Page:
As the term of the Race Discrimination Commissioner Tim Soutphommasane comes to an end, it is worth reflecting on his highly charged term and what it illustrates about how we conduct race debates. He gave his final speech this week at the University of Western Sydney where he criticised conservative politicians and media for race-baiting and veiled references to white identity politics.
But what Soutphommasane and his allies keep missing is that the rise of white identity politics is a Newtonian reaction to Islamic extremism and the failures of the political and media class to give voice to growing anxieties around migration and race.
One of the biggest weaknesses of Western democracies is the inability to discuss race honestly. From Brexit to Trump to local debates around African gangs or migration, there are consistent attempts to deny or underplay bald facts and statistics.
The Democrats led by Hilary could not utter the word Islam. Legitimate claims by supporters of Brexit about European migration undermining jobs were only ever met with accusations of racism.
Locally we have seen the great difficulty in acknowledging facts such as the gross over-representation of Africans in crimes like robbery or carjacking in Victoria, by a factor of forty no less. Premier Daniel Andrews and his media allies consistently apply the line that at least Australian born residents perpetrates the majority of crime. We can all just relax and turn the other cheek.
I sat on a government advisory committee with Tim Soutphommasane and consider him a friend. However, there are three key areas I would criticise him upon.
In parallel with deflecting or outright denying any statistical correlations, there is a steady attempt to dilute the definition of racism. The term casual racism, much like casual sexism, elevates the subjective experience as primary. This is part of the broader trend among progressives of what is sometimes called “concept creep”, the steady dilution in the meaning of terms like prejudice, violence, abuse or trauma. As a result, speech can now be categorised as violent it if falls under the category of hate and merely experiencing an event as traumatic is enough for it to be defined technically as so.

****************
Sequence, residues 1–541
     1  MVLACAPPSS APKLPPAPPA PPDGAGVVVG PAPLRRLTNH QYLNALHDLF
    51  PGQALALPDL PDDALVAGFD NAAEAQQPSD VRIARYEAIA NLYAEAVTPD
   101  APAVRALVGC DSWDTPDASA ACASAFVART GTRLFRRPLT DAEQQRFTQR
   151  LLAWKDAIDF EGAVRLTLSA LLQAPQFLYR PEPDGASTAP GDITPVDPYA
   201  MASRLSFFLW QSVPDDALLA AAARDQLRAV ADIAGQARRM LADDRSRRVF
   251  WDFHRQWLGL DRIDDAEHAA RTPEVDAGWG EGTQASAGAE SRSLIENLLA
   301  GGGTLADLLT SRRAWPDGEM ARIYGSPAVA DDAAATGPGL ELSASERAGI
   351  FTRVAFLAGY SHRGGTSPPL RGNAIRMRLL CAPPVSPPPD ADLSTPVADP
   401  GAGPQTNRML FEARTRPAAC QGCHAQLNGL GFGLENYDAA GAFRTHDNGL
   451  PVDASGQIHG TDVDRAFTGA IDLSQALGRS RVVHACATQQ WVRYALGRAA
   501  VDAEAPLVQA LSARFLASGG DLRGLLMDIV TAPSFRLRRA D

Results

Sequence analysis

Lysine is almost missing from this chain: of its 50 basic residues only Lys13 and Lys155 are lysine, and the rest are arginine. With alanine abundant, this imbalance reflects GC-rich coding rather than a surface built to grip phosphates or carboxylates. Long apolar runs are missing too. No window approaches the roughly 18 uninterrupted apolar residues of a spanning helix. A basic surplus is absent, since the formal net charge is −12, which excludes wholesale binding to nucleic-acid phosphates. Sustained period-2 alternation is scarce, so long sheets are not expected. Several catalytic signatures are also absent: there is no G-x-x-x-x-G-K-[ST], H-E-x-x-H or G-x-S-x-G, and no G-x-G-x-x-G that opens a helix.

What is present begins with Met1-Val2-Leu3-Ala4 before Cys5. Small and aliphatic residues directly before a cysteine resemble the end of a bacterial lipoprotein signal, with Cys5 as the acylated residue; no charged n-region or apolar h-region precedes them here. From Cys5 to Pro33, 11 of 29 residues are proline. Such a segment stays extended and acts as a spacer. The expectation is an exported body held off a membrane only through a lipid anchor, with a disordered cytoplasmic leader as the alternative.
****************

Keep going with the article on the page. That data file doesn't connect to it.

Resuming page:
Like many a totalitarian project, the actions are cloaked in the good intentions of helping a wider range of people, allowing a bigger net. In practice, the trend allows for the repeated magnification of problems like racism and sexism in an effort to exert more control and stipulate for more regulation.
Soutphommasane openly states that intent is of limited importance in the new racism. The subjective experience and perceptions of a minority individual are more significant. In a speech launching a new anti-racism project in Queensland, the Commissioner stated:
It may be a joke, an off-handed comment, or even who gets included in chats in the work kitchen or water cooler… it is as much about impact as it is about intention.
This is particularly fraught in highly diverse societies and people of varied psychological vulnerabilities. The statistics the Human Rights Commission elevate are those of self-reported experiences of intolerance and racism, which prioritise the subjective. It also self-selects for people who are more attuned to attributing comments or actions as motivated through the lens of race.
What Soutphommasane refers to as veiled white identity politics when leaders make reference to a mainstream is an attempt to maintain some levels of objectivity in measures of racism.